Homecoming: How do you know you’re / your home?

Raul de Lara

Prizers Arts & Letters - Austin, TX

August 2018

Homecoming features works composed of recognizable household objects-- wooden coat hanger, a Tee-shirt, a shovel, a dog, a radiator--but with unsettling variations made to their appearance that empty them of their expected use value. De Lara’s use of sand in many pieces brings to mind associations with the desert, “wilderness”, or a constantly-changing coastline to engage with the mutability and ephemerality of “home” as he now perceives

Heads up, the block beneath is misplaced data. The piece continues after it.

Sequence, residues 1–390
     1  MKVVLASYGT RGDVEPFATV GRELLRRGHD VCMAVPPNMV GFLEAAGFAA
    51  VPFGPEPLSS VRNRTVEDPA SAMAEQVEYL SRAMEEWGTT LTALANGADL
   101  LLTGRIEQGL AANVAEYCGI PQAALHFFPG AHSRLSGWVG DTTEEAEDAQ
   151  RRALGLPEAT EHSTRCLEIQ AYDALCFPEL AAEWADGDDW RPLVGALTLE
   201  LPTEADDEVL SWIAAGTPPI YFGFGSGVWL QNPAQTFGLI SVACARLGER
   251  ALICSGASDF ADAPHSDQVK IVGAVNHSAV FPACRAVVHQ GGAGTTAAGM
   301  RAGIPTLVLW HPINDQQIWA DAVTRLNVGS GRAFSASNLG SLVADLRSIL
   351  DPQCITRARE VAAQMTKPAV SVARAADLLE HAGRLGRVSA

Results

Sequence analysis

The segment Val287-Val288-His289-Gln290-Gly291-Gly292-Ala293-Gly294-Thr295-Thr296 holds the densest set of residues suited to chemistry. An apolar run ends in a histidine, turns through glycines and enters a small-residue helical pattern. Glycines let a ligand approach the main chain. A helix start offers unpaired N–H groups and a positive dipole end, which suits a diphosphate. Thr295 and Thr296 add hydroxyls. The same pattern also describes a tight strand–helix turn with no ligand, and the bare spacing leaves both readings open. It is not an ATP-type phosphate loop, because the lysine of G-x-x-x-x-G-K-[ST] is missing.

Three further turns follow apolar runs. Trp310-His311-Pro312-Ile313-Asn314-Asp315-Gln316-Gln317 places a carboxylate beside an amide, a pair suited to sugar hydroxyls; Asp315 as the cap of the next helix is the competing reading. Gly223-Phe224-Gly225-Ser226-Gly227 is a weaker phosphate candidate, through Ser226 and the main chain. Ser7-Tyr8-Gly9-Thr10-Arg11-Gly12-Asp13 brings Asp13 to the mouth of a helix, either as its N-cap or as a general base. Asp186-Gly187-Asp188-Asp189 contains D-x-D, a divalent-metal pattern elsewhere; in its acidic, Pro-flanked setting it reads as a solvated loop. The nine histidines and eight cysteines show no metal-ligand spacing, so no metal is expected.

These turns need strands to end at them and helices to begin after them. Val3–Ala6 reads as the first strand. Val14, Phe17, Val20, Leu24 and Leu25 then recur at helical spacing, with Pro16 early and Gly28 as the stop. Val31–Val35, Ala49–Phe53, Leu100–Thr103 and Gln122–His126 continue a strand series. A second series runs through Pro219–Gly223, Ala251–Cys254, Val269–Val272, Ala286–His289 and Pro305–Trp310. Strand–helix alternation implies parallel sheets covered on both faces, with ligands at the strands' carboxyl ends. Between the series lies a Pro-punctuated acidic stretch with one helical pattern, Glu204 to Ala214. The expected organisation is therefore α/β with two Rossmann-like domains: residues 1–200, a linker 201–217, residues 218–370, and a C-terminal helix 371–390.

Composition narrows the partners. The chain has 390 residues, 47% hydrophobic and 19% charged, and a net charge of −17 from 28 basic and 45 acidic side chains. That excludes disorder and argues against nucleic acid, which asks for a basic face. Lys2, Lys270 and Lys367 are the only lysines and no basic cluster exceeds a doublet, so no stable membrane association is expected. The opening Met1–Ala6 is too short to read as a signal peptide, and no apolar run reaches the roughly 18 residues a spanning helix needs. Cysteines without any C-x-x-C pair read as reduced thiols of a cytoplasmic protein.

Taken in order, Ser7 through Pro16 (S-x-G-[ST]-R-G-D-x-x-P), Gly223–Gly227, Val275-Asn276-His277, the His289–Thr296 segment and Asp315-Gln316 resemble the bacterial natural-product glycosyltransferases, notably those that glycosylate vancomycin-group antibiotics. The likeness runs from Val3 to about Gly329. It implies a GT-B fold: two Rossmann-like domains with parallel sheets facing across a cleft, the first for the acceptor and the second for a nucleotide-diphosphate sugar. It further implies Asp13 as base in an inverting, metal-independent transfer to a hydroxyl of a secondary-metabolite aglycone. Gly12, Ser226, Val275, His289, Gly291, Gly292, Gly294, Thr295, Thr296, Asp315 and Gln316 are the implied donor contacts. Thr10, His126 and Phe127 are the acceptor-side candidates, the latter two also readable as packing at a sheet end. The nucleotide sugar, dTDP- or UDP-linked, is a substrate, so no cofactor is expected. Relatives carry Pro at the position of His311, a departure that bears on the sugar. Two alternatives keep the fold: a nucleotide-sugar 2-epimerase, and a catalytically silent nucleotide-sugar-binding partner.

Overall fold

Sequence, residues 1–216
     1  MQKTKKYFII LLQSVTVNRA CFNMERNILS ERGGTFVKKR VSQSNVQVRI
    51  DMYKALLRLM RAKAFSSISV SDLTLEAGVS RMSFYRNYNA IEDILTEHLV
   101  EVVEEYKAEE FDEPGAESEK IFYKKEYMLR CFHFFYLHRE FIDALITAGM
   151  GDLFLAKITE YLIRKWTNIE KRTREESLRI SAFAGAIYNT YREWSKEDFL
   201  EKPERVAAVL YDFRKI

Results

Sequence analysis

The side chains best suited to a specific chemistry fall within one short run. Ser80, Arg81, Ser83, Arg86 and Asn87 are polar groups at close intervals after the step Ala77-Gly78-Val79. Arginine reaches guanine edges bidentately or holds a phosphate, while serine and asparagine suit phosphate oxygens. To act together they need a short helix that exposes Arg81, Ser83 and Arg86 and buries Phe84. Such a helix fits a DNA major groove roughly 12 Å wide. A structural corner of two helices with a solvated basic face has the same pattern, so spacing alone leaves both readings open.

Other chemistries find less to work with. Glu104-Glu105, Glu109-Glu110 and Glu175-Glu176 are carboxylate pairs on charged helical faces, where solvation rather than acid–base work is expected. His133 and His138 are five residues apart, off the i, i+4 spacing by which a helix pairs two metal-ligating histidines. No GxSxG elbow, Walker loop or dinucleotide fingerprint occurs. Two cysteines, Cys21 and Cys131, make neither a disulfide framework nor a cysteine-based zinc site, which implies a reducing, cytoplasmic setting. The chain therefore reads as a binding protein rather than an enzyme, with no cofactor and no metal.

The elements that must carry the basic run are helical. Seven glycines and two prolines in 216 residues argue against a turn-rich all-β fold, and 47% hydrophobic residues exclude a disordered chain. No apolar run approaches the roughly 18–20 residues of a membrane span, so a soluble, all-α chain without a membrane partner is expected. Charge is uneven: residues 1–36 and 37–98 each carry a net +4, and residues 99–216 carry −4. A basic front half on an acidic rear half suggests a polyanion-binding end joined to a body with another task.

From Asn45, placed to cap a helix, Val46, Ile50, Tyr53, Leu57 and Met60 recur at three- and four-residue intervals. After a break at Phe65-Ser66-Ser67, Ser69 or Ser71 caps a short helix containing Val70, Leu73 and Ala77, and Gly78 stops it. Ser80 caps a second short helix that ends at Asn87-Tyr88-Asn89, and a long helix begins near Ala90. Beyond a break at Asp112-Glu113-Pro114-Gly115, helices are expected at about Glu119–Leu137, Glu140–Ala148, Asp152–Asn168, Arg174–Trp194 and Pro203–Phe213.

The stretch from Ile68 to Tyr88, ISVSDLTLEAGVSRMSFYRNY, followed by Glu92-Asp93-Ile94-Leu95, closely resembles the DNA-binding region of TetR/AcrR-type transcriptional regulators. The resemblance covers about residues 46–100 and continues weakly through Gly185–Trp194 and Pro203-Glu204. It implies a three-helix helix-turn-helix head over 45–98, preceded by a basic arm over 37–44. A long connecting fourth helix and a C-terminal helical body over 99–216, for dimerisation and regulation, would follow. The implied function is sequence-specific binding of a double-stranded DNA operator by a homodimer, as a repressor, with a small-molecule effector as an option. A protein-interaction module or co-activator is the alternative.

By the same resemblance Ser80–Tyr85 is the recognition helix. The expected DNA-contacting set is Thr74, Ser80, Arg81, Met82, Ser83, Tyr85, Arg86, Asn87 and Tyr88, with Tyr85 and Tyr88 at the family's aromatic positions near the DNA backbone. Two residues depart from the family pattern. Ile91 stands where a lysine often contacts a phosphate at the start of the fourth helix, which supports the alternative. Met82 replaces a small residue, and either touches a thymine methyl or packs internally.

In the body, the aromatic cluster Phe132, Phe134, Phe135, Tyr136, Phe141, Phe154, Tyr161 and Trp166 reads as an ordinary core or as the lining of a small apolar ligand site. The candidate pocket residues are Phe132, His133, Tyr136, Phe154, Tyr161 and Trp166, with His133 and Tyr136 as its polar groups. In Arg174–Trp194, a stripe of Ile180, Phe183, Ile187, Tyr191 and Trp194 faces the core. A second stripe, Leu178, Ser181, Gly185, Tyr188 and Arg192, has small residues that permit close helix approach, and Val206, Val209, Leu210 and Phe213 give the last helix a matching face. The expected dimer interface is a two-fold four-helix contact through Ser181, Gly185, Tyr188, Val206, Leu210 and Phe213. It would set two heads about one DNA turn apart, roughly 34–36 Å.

it. This year marks not only the year De Lara has lived longer in the United States than in Mexico, but also the year his ability to pursue his education has come into question as a result of the current administration’s anti-immigration policies.


As he considers what it means to belong, De Lara draws on his own experiences with familiar objects that seem to know the shape of your body or, through signs of use, ask to be used. His own history as a young man seeking integration and without the ability to communicate in English, De Lara is acutely aware of the ability of objects to engage you in conversation about belonging.